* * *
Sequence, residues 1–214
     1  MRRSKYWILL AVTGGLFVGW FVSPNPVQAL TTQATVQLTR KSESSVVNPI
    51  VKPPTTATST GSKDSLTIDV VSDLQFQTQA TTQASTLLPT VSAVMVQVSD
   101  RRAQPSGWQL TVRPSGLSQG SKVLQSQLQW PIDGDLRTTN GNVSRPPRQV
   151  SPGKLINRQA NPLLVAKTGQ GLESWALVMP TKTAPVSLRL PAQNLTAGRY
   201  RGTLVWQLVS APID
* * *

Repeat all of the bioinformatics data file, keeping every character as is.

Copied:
Sequence, residues 1–214
     1  MRRSKYWILL AVTGGLFVGW FVSPNPVQAL TTQATVQLTR KSESSVVNPI
    51  VKPPTTATST GSKDSLTIDV VSDLQFQTQA TTQASTLLPT VSAVMVQVSD
   101  RRAQPSGWQL TVRPSGLSQG SKVLQSQLQW PIDGDLRTTN GNVSRPPRQV
   151  SPGKLINRQA NPLLVAKTGQ GLESWALVMP TKTAPVSLRL PAQNLTAGRY
   201  RGTLVWQLVS APID